No Room For Racism

Antonio, Johnson and Anton Ferdinand back No Room For Racism campaign

West Ham United have shown their support this week for the Premier League’s No Room For Racism campaign, which takes place from 6-15 April.

Ahead of the Club’s No Room For Racism home game against Fulham at London Stadium, current men’s players Michail Antonio and Ben Johnson were joined by former player Anton Ferdinand to discuss this issue.

The Premier League launched its No Room For Racism Action Plan in 2021, which outlines a series of commitments and targets to promote equality, diversity, and inclusion, and increase opportunities across those from Black, Asian, and other minority ethnic groups in football.

The Irons’ all-time leading Premier League goalscorer Antonio said: “I’m disappointed that I’m not surprised [racism is still rife]. When things keep on happening you become numb to it, so it has got to the stage that it’s happened that often in my lifetime that it just becomes another thing that is happening every day. It feels like it’s part and parcel of life when in this day and age it shouldn’t be. 

“I do feel as if they need more zero tolerance around it and that there is not enough punishment when it comes to racism. If it happens in the stands, then points should be deducted, that’s my opinion. 

“If you give people a chance [to be racist], they are going to fight for that opportunity and take it. If it’s zero tolerance, there is more of a chance that things will slow down.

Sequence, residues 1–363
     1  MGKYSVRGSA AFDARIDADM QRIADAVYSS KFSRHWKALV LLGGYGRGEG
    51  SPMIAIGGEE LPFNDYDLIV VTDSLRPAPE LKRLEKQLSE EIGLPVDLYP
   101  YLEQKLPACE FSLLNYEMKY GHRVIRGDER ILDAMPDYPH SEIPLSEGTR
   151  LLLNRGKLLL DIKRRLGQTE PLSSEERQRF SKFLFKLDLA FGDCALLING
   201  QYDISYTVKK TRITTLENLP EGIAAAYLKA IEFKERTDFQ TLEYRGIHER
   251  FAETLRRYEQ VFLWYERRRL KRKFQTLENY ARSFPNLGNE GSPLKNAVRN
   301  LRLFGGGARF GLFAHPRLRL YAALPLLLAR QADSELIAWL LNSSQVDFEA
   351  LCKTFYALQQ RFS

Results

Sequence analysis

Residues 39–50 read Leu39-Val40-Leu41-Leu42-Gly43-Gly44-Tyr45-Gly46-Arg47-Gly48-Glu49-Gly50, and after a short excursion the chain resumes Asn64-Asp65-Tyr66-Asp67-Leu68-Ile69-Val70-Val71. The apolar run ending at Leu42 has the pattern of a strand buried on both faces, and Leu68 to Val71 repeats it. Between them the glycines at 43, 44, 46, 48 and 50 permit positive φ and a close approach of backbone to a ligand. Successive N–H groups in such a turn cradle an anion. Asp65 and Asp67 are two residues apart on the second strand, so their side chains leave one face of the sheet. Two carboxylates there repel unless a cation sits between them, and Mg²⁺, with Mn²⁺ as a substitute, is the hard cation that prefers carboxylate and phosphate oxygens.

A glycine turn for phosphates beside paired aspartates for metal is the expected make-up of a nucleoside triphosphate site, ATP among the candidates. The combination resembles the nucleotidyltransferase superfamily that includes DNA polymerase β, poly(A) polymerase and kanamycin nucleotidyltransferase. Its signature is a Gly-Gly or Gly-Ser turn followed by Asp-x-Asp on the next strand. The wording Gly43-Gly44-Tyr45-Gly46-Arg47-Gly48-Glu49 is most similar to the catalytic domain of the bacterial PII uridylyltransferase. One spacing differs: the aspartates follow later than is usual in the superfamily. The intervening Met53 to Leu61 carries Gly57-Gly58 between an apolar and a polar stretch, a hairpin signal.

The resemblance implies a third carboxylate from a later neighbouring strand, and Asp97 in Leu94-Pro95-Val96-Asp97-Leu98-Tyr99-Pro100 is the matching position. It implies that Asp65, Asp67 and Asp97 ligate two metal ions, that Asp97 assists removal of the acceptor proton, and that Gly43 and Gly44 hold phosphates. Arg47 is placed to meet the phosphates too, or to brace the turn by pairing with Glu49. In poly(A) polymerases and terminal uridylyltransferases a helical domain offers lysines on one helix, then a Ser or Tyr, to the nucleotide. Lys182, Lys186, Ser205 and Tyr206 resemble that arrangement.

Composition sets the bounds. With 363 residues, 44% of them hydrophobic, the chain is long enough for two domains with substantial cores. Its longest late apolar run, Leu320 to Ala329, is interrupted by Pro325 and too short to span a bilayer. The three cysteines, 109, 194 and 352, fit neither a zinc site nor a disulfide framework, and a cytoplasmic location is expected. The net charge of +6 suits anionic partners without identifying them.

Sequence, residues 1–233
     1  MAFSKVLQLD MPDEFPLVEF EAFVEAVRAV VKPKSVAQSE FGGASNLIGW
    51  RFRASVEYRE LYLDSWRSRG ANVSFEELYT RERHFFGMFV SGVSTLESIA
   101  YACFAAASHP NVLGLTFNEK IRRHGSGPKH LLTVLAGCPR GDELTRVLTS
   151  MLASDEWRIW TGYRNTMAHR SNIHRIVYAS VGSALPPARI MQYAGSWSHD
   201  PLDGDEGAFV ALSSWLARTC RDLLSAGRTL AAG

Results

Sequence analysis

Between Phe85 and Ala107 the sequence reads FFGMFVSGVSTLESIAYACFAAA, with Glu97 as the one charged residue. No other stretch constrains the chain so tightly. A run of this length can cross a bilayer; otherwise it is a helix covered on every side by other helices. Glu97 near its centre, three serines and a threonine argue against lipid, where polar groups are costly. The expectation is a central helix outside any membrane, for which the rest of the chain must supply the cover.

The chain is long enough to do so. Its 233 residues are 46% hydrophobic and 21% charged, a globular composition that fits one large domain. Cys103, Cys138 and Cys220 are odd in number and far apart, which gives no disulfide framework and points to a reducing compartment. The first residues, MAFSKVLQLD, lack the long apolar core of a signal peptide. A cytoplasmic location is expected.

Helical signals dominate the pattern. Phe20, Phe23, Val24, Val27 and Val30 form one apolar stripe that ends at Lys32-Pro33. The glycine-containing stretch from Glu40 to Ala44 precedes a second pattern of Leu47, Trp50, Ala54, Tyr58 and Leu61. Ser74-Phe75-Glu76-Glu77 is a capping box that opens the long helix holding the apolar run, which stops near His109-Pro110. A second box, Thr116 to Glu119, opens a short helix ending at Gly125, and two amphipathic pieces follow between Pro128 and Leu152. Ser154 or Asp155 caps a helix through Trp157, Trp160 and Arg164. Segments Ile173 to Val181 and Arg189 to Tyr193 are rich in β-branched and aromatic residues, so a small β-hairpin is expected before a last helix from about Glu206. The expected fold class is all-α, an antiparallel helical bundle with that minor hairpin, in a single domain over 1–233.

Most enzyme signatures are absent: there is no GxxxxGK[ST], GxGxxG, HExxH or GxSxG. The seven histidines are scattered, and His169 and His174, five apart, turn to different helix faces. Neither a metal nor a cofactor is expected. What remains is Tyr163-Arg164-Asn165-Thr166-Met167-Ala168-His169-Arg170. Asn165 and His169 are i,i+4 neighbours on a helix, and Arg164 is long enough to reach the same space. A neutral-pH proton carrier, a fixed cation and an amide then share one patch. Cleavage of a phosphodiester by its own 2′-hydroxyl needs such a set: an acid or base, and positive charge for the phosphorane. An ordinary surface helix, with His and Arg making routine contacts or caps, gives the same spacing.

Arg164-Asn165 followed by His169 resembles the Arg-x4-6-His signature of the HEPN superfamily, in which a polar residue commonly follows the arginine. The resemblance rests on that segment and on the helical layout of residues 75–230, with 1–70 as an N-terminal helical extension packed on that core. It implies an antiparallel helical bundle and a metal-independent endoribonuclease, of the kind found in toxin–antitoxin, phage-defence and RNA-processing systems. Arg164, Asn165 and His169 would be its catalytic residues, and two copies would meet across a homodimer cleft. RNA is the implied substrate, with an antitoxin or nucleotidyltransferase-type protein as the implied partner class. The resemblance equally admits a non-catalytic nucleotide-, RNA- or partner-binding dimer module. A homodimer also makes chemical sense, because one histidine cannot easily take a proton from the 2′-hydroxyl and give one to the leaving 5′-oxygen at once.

“What I find frustrating is that when these things happen, I just don’t feel as if enough is being done. If someone can bet and get an eight-month ban, someone can fail a drugs test and get a four-year ban, why does someone who gets caught for racism get only 12 weeks?

“I feel as if there’s not much difference since I was 12. They’ve brought in a couple of more rules, but I was twelve 22 years ago. Think about how much life has changed in 22 years."

For us to be in a similar situation from when I was 12 when it comes to racism, compared to mobile phones and other technology, shows we are still well behind
Michail Antonio

“Honestly, I don’t think there will ever be a time [where there is no need for a No Room For Racism campaign]. I feel that it is instilled in people from when they are young and if there is ever a time [it is fully gone] I’m saying a good 50 or 60 years.

“It is gradually getting less and less, you can see that, but there is still that little bit from the ages going down that needs to be filtered. I don’t know if it’s going to be in my lifetime [that there is no more racism] and I don’t think 60 years will be enough either. I think it will be another 100 to 200 years."

No Room For Racism

Johnson, who came through the Club’s Academy of Football, also admits he is not surprised that racism is still an ongoing issue in football.

He said: “I have never been racially abused but I know what it feels like to be black, to be looked upon differently and I’ve heard so many stories both on and off the pitch. For it to still be happening is so, so disappointing.